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CVPR2007 tutorial bag of words

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Published on November 22, 2007

Author: Gavril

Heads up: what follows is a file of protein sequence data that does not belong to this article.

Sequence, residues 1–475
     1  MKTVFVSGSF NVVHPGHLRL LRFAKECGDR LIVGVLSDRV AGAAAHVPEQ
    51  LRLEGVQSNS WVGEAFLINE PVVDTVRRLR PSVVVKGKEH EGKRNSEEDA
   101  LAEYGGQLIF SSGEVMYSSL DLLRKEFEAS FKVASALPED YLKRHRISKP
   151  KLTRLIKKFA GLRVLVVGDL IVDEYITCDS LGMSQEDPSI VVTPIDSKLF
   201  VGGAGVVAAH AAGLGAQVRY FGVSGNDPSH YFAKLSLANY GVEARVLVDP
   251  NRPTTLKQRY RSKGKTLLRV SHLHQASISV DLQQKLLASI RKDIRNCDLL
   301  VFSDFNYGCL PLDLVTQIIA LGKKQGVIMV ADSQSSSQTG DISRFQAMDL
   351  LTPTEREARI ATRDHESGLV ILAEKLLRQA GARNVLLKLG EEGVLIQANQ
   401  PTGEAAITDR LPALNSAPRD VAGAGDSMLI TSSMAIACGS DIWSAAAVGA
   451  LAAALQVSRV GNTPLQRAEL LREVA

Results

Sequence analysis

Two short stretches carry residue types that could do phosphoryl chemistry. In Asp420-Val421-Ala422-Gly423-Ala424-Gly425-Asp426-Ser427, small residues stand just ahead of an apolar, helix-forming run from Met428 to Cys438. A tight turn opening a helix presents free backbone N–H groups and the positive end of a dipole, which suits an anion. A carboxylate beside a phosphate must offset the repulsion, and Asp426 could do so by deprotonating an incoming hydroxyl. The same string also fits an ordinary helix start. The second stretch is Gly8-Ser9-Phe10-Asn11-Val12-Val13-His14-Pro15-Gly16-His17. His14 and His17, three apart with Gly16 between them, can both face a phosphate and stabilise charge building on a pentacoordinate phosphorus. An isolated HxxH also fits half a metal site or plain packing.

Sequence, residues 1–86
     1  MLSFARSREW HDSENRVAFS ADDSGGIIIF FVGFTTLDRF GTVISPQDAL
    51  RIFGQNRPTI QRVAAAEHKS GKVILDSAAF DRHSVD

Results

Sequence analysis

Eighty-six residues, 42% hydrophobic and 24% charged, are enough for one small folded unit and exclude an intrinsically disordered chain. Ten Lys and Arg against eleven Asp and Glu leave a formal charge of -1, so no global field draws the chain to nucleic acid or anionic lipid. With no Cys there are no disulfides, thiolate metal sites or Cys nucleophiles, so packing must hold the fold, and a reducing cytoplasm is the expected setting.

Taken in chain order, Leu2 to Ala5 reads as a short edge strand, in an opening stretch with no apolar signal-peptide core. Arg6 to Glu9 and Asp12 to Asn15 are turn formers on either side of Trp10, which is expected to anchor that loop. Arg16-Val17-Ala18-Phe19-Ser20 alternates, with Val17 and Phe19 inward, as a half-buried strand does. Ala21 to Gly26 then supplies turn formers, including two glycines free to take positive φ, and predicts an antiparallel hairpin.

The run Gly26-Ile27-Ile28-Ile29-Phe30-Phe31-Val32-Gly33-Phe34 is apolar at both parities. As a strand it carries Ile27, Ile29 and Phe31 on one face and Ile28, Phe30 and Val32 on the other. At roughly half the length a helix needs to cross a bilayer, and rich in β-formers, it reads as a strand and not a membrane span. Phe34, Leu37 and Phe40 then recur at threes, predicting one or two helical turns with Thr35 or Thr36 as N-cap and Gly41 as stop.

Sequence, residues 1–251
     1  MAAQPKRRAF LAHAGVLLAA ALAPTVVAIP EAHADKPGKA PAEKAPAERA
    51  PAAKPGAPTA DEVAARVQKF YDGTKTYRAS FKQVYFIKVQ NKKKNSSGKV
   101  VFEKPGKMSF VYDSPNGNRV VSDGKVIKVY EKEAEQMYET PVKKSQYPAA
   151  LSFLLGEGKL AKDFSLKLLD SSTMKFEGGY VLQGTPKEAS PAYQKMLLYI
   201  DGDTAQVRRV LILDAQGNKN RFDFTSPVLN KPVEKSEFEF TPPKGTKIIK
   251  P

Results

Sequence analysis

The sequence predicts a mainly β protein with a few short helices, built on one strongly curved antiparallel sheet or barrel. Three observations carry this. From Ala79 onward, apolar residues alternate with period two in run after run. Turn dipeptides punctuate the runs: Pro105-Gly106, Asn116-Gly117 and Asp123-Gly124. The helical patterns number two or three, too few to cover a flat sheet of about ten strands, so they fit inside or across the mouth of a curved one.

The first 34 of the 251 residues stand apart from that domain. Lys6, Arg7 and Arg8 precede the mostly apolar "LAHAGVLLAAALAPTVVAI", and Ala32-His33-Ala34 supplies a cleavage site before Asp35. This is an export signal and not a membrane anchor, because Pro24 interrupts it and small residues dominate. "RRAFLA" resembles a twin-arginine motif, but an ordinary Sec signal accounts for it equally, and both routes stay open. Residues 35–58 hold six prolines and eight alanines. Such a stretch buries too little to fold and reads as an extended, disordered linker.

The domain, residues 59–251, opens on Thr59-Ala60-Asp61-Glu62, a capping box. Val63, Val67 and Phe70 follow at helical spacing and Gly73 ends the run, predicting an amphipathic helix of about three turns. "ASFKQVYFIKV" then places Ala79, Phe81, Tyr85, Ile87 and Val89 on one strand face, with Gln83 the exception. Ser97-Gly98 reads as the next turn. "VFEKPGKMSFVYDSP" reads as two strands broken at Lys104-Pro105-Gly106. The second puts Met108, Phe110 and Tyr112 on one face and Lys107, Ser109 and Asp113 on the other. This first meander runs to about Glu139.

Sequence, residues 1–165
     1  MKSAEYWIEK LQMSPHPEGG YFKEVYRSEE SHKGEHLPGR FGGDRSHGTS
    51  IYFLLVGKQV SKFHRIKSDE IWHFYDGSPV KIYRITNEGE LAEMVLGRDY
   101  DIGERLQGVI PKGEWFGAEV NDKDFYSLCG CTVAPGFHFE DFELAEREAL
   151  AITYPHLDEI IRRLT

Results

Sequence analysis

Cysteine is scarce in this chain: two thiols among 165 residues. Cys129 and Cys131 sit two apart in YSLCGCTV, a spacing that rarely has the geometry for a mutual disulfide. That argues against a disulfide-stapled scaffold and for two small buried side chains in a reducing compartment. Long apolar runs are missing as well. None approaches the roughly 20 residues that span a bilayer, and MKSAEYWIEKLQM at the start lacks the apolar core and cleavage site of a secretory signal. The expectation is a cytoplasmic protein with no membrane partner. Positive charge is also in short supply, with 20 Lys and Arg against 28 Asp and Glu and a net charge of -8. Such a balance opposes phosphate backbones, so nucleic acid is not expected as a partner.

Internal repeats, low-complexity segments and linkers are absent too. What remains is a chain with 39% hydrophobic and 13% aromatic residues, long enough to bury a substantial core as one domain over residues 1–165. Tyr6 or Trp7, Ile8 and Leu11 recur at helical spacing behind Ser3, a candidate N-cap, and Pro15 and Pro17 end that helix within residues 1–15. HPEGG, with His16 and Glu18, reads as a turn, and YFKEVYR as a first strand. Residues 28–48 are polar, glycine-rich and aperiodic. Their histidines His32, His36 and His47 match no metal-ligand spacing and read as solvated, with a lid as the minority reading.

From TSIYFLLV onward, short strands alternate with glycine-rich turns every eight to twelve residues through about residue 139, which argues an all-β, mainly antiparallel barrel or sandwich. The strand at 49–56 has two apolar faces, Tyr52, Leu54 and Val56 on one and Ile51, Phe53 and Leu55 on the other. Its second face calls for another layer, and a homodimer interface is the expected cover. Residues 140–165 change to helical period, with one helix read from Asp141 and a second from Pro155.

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Part 1: Bag-of-words models:  Part 1: Bag-of-words models by Li Fei-Fei (Princeton) Related works:  Related works Early “bag of words” models: mostly texture recognition Cula & Dana, 2001; Leung & Malik 2001; Mori, Belongie & Malik, 2001; Schmid 2001; Varma & Zisserman, 2002, 2003; Lazebnik, Schmid & Ponce, 2003; Hierarchical Bayesian models for documents (pLSA, LDA, etc.) Hoffman 1999; Blei, Ng & Jordan, 2004; Teh, Jordan, Beal & Blei, 2004 Object categorization Csurka, Bray, Dance & Fan, 2004; Sivic, Russell, Efros, Freeman & Zisserman, 2005; Sudderth, Torralba, Freeman & Willsky, 2005; Natural scene categorization Vogel & Schiele, 2004; Fei-Fei & Perona, 2005; Bosch, Zisserman & Munoz, 2006 Analogy to documents:  Analogy to documents Of all the sensory impressions proceeding to the brain, the visual experiences are the dominant ones. Our perception of the world around us is based essentially on the messages that reach the brain from our eyes. For a long time it was thought that the retinal image was transmitted point by point to visual centers in the brain; the cerebral cortex was a movie screen, so to speak, upon which the image in the eye was projected. Through the discoveries of Hubel and Wiesel we now know that behind the origin of the visual perception in the brain there is a considerably more complicated course of events. By following the visual impulses along their path to the various cell layers of the optical cortex, Hubel and Wiesel have been able to demonstrate that the message about the image falling on the retina undergoes a step-wise analysis in a system of nerve cells stored in columns. In this system each cell has its specific function and is responsible for a specific detail in the pattern of the retinal image. A clarification: definition of “BoW”:  Looser definition Independent features A clarification: definition of “BoW” A clarification: definition of “BoW”:  A clarification: definition of “BoW” Looser definition Independent features Stricter definition Independent features histogram representation Slide8:  Representation 1. 2. 3. 1.Feature detection and representation:  1.Feature detection and representation 1.Feature detection and representation:  1.Feature detection and representation Regular grid Vogel & Schiele, 2003 Fei-Fei & Perona, 2005 1.Feature detection and representation:  1.Feature detection and representation Regular grid Vogel & Schiele, 2003 Fei-Fei & Perona, 2005 Interest point detector Csurka, et al. 2004 Fei-Fei & Perona, 2005 Sivic, et al. 2005 1.Feature detection and representation:  1.Feature detection and representation Regular grid Vogel & Schiele, 2003 Fei-Fei & Perona, 2005 Interest point detector Csurka, Bray, Dance & Fan, 2004 Fei-Fei & Perona, 2005 Sivic, Russell, Efros, Freeman & Zisserman, 2005 Other methods Random sampling (Vidal-Naquet & Ullman, 2002) Segmentation based patches (Barnard, Duygulu, Forsyth, de Freitas, Blei, Jordan, 2003) 1.Feature detection and representation:  1.Feature detection and representation Normalize patch Detect patches [Mikojaczyk and Schmid ’02] [Mata, Chum, Urban & Pajdla, ’02] [Sivic & Zisserman, ’03] Compute SIFT descriptor [Lowe’99] Slide credit: Josef Sivic Slide14:  1.Feature detection and representation 2. Codewords dictionary formation:  2. Codewords dictionary formation 2. Codewords dictionary formation:  2. Codewords dictionary formation Vector quantization Slide credit: Josef Sivic Slide17:  2. Codewords dictionary formation Fei-Fei et al. 2005 Slide18:  Image patch examples of codewords Sivic et al. 2005 Slide19:  3. Image representation frequency codewords Slide20:  Representation 1. 2. 3. Slide21:  category models (and/or) classifiers Learning and Recognition Slide22:  category models (and/or) classifiers Learning and Recognition Generative method: - graphical models Discriminative method: - SVM Slide23:  2 generative models Naïve Bayes classifier Csurka Bray, Dance & Fan, 2004 Hierarchical Bayesian text models (pLSA and LDA) Background: Hoffman 2001, Blei, Ng & Jordan, 2004 Object categorization: Sivic et al. 2005, Sudderth et al. 2005 Natural scene categorization: Fei-Fei et al. 2005 Slide24:  wn: each patch in an image wn = [0,0,…1,…,0,0]T w: a collection of all N patches in an image w = [w1,w2,…,wN] dj: the jth image in an image collection c: category of the image z: theme or topic of the patch First, some notations Slide25:  w N c Case #1: the Naïve Bayes model Csurka et al. 2004 Slide26:  Csurka et al. 2004 Slide27:  Csurka et al. 2004 Slide28:  Hoffman, 2001 Case #2: Hierarchical Bayesian text models Blei et al., 2001 Probabilistic Latent Semantic Analysis (pLSA) Latent Dirichlet Allocation (LDA) Slide29:  Case #2: Hierarchical Bayesian text models Probabilistic Latent Semantic Analysis (pLSA) Sivic et al. ICCV 2005 Slide30:  Case #2: Hierarchical Bayesian text models Latent Dirichlet Allocation (LDA) Fei-Fei et al. ICCV 2005 Slide31:  Case #2: the pLSA model Slide32:  Case #2: the pLSA model Slide credit: Josef Sivic Slide33:  Case #2: Recognition using pLSA Slide credit: Josef Sivic Slide34:  Maximize likelihood of data using EM Observed counts of word i in document j M … number of codewords N … number of images Case #2: Learning the pLSA parameters Slide credit: Josef Sivic Slide35:  Demo Course website Slide36:  task: face detection – no labeling Slide37:  Output of crude feature detector Find edges Draw points randomly from edge set Draw from uniform distribution to get scale Demo: feature detection Slide38:  Demo: learnt parameters Codeword distributions per theme (topic) Theme distributions per image Learning the model: do_plsa(‘config_file_1’) Evaluate and visualize the model: do_plsa_evaluation(‘config_file_1’) Slide39:  Demo: recognition examples Slide40:  Performance of each theme Demo: categorization results Slide41:  category models (and/or) classifiers Learning and Recognition Generative method: - graphical models Discriminative method: - SVM Discriminative methods based on ‘bag of words’ representation:  Zebra Non-zebra Decision boundary Discriminative methods based on ‘bag of words’ representation Discriminative methods based on ‘bag of words’ representation:  Discriminative methods based on ‘bag of words’ representation Grauman & Darrell, 2005, 2006: SVM w/ Pyramid Match kernels Others Csurka, Bray, Dance & Fan, 2004 Serre & Poggio, 2005 Summary: Pyramid match kernel:  Summary: Pyramid match kernel optimal partial matching between sets of features Grauman & Darrell, 2005, Slide credit: Kristen Grauman Pyramid Match (Grauman & Darrell 2005):  Pyramid Match (Grauman & Darrell 2005) Histogram intersection Slide credit: Kristen Grauman Pyramid Match (Grauman & Darrell 2005):  Histogram intersection Pyramid Match (Grauman & Darrell 2005) Slide credit: Kristen Grauman Pyramid match kernel:  Pyramid match kernel Weights inversely proportional to bin size Normalize kernel values to avoid favoring large sets Slide credit: Kristen Grauman Slide48:  Example pyramid match Level 0 Slide credit: Kristen Grauman Slide49:  Example pyramid match Level 1 Slide credit: Kristen Grauman Slide50:  Example pyramid match Level 2 Slide credit: Kristen Grauman Example pyramid match:  Example pyramid match pyramid match optimal match Slide credit: Kristen Grauman Summary: Pyramid match kernel:  Summary: Pyramid match kernel optimal partial matching between sets of features number of new matches at level i difficulty of a match at level i Slide credit: Kristen Grauman Object recognition results:  Object recognition results ETH-80 database 8 object classes (Eichhorn and Chapelle 2004) Features: Harris detector PCA-SIFT descriptor, d=10 Slide credit: Kristen Grauman Object recognition results:  Object recognition results Caltech objects database 101 object classes Features: SIFT detector PCA-SIFT descriptor, d=10 30 training images / class 43% recognition rate (1% chance performance) 0.002 seconds per match Slide credit: Kristen Grauman What about spatial info?:  What about spatial info? ? What about spatial info?:  What about spatial info? Feature level Spatial influence through correlogram features: Savarese, Winn and Criminisi, CVPR 2006 What about spatial info?:  What about spatial info? Feature level Generative models Sudderth, Torralba, Freeman & Willsky, 2005, 2006 Niebles & Fei-Fei, CVPR 2007 What about spatial info?:  What about spatial info? Feature level Generative models Sudderth, Torralba, Freeman & Willsky, 2005, 2006 Niebles & Fei-Fei, CVPR 2007 What about spatial info?:  What about spatial info? Feature level Generative models Discriminative methods Lazebnik, Schmid & Ponce, 2006 Invariance issues:  Invariance issues Scale and rotation Implicit Detectors and descriptors Kadir and Brady. 2003 Invariance issues:  Scale and rotation Occlusion Implicit in the models Codeword distribution: small variations (In theory) Theme (z) distribution: different occlusion patterns Invariance issues Invariance issues:  Scale and rotation Occlusion Translation Encode (relative) location information Sudderth, Torralba, Freeman & Willsky, 2005, 2006 Niebles & Fei-Fei, 2007 Invariance issues Invariance issues:  Scale and rotation Occlusion Translation View point (in theory) Codewords: detector and descriptor Theme distributions: different view points Invariance issues Fergus, Fei-Fei, Perona & Zisserman, 2005 Slide65:  Model properties Intuitive Analogy to documents Slide66:  Model properties Olshausen and Field, 2004, Fei-Fei and Perona, 2005 Intuitive Analogy to documents Analogy to human vision Slide67:  Model properties Intuitive generative models Convenient for weakly- or un-supervised, incremental training Prior information Flexibility (e.g. HDP) Li, Wang & Fei-Fei, CVPR 2007 Sivic, Russell, Efros, Freeman, Zisserman, 2005 Slide68:  Model properties Intuitive generative models Discriminative method Computationally efficient Grauman et al. CVPR 2005 Slide69:  Model properties Intuitive generative models Discriminative method Learning and recognition relatively fast Compare to other methods Slide70:  No rigorous geometric information of the object components It’s intuitive to most of us that objects are made of parts – no such information Not extensively tested yet for View point invariance Scale invariance Segmentation and localization unclear Weakness of the model